TRNFOW and Improvements on the Capabilities of TRNSYS 16

M. Hiller 1, S. Holst 1, T. Welfonder 1, A. Weber 2, M. Koschenz 2 TRANSSOLAR Energietechnik GmbH

1 CuriestraKe 2, D — 70563 Stuttgart, tel.: +49 711 / 67976 — 0, fax: +49 711 / 67976-11 welfonder@transsolar. com, http://www. transsolar. com

2 EMPA, Abteilung Energiesysteme/Haustechnik, CH-8600 Dubendorf

In the planning process and evaluation of innovative energy concepts simulation of buildings and systems gets more and more important. With the internationally well known software program TRNSYS [1] those simulations can be accomplished with a very high complexity.

The paper describes the Program TRNFLOW [2] which is a new add-on for TRNSYS for the simulation of natural ventilation. Also the main new features of the TRNSYS Version 16 released in Mai 2004 will be described.

Coupled Airflow Simulation — Current Situation

In order to achieve sustainable buildings new energy systems have been generated using natural effects to renew the air and lead away the heat. Examples are passive night cooling, double facades, solar chimneys, inside courtyards and so on. In these systems the mutual impacts of thermal and air flow behavior are very distinctive. Thus for numerical building simulation programs an integral approach is inevitable.

Already in 1993 in the frame of the IEA project Annex 23 the EMPA has developed a coupling of the multizone air flow model COMIS [3] with the thermal building and system simulation program TRNSYS and this was presented at the TRNSYS Userday 1994. The self-contained program COMIS was modified to TRNSYS Type 157 which can be linked to the thermal building model Type 56 within the TRNSYS-Deck via in — and outputs. The input information of the air flow model are read in by Type 157 from the standard COMIS Input File (CIF). The TRNSYS solver iterates the results of the two models until they match. Meanwhile the coupling has been successfully applied by several projects and simulation tasks. However thereby it was pointed out that the coupling is not very user-friendly and also requires a laborious handling. As the mutual classification of the data is made by hand the inputs tend to be incorrect. This error-proneness is also increased by the redundancies of the two input files. Furthermore it was proven that the TRNSYS solver is not always the perfect solution for such a system. The solver possibly has to be supported by additional convergence promoting Types what makes the handling again more difficult. Yet the need of an integral approach concerning thermal building dynamics and natural air exchange was clearly necessary. Therefor with TRNFLOW an improved version including a deepened integration of the two models (thermal and airflow) has been developed.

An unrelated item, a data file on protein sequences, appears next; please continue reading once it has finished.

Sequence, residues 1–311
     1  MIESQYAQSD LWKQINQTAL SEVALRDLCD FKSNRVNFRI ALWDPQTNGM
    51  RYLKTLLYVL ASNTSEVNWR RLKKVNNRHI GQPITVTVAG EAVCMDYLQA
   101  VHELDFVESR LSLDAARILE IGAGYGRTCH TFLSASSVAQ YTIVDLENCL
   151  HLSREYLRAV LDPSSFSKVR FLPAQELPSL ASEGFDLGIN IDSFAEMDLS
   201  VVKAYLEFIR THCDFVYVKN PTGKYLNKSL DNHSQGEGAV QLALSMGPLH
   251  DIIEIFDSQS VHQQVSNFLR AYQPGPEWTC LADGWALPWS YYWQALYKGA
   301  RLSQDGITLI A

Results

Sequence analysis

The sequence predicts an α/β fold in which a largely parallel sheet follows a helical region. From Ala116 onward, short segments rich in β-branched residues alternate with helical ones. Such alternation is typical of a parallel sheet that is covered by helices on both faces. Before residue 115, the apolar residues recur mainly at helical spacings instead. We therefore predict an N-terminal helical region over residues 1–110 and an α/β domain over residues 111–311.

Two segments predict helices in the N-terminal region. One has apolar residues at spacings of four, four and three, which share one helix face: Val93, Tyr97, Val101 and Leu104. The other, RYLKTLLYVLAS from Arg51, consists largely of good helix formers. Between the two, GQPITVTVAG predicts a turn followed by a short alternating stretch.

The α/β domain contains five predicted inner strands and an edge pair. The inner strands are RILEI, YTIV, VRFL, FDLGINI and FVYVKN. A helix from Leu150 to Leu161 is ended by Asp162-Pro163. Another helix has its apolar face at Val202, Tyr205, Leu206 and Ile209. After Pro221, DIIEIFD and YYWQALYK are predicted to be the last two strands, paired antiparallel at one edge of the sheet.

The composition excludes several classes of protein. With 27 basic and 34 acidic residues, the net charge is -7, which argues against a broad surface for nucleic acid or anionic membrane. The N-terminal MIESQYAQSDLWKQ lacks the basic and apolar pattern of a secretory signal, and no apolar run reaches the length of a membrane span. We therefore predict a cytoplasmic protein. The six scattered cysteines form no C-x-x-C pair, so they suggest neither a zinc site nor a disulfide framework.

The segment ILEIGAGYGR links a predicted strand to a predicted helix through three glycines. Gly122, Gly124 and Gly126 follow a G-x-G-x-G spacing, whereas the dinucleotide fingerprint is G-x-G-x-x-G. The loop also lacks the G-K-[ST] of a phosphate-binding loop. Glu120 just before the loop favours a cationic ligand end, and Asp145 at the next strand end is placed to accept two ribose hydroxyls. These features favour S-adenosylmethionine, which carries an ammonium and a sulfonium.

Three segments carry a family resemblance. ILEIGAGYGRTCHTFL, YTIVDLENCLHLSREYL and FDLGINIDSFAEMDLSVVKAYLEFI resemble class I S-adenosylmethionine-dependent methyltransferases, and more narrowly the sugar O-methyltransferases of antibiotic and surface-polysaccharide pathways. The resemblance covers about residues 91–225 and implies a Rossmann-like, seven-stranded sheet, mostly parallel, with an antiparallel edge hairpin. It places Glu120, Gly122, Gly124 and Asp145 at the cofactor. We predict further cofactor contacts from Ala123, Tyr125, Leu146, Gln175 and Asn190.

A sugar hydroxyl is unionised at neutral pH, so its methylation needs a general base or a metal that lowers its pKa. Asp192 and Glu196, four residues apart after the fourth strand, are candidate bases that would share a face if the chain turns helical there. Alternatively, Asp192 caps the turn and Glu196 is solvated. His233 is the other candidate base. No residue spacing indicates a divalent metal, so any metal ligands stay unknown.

Multizone Air Flow Model in TRNFLOW and COMIS

Multizone air flow models idealize the building as a network of nodes and airflow links. A node represents a room volume which a set of state variables can be assigned to. Cracks, window joints and openings, shafts as well as ventilation components like inlets and outlets, ducts and fans represent the links. Boundary conditions and thereby also input factors are: State variables of the air in the zones Local wind pressures

The pressure pZ is a free parameter in the node which is evaluated according to the continuity equation (mass flow balance in the node = 0 ). This results in nZ equations where nZ represents the number of zones.

The relation between mass flow rate m and pressure difference dp and the zone pressure pZ is not linear. Therefor an iterative process is used to solve the system of equations. The mass flow rates per link and all dependent factors such as air exchange rates, air age etc. are calculated of the resulting zone pressures pZi. The calculation is static without an explicit consideration of the timestep. In principle calculating a condition based on a new time is independent of the previous timestep.

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